Cultural History Phases
CAMAS PRAIRIE PHASE
This cultural phase is characterized by the introduction of the horse and later, the first Euro-American contact. Probably by 1560 the Indians obtained horses from the Spanish in the southern United States. The horse was then gradually dispersed northward to other groups, including the Nez Perce (about A.D. 1700). The Nez Perce Indians lived in this area for many years and the introduction of the horse had a significant impact on their lives. With the horse the Nez Perce became a much more mobile group. They had always had extensive trade networks, but the time involved in traveling from one place to another was greatly reduced with the addition of the horse, allowing them travel over much greater distances. Trips as far as Oregon and Montana were common.
Meriwether Lewis and William Clark entered the region in 1805. This was the first significant contact between Euro-Americans and the Nez Perce people. Soon after, Euro-Americans arrived in increasing numbers, resulting in more trade goods such as metal and beads being used by the Nez Perce. The influence of the Euro-Americans became greater through the mid-1800s until the Native Americans were relegated to the reservation.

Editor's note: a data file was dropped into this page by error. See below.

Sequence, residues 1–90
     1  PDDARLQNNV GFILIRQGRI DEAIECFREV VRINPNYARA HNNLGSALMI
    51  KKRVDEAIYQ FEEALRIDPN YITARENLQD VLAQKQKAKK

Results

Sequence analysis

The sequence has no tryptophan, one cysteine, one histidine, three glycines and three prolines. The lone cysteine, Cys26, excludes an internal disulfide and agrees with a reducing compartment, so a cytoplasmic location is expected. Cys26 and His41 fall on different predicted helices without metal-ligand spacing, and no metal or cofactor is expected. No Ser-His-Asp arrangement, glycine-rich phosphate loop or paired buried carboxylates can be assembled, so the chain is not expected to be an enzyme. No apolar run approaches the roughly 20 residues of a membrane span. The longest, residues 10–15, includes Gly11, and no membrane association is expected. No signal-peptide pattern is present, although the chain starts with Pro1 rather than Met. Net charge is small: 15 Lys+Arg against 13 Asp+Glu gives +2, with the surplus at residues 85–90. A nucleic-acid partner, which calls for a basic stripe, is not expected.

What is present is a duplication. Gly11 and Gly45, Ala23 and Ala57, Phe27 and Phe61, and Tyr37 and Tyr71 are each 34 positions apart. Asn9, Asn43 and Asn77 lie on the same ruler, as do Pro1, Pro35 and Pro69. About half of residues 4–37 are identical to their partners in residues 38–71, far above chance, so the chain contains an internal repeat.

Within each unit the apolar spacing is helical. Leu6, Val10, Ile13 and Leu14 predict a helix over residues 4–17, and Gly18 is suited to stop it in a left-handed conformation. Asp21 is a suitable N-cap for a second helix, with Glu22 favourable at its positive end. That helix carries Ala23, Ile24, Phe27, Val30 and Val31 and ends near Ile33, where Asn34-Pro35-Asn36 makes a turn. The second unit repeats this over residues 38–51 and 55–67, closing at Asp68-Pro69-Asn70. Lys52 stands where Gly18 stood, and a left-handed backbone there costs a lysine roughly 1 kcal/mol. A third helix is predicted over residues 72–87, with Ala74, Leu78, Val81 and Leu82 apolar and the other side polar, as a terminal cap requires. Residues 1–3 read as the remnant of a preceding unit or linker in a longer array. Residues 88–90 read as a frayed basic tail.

|Rock art is a prehistoric site that could have spanned several prehistoric phases of the area's culture history. It is therefore considered separate from the previously outlined prehistoric phases. There are two kinds of rock art; petroglyphs and pictographs. Petroglyphs refer to designs or figures that have been carved into the surface of the rock. No petroglyphs have been recorded along the Lower Salmon River. Pictographs are designs or figures that have been painted on the surface of the rock with variously colored pigments. The purpose of many of the pictographs is unknown but may represent events, trail markers, messages to others, etc.|
Pictographs are usually red, a color which comes from ochre (iron oxide). Ochre was ground and mixed with an oil or grease. The mixture was then added to resin from pine or fir trees and applied to the rock, forming a glaze. Sometimes a mixture of water and coloring material was directly applied to the rock. This oxidized and penetrated into the rock, acting like a stain.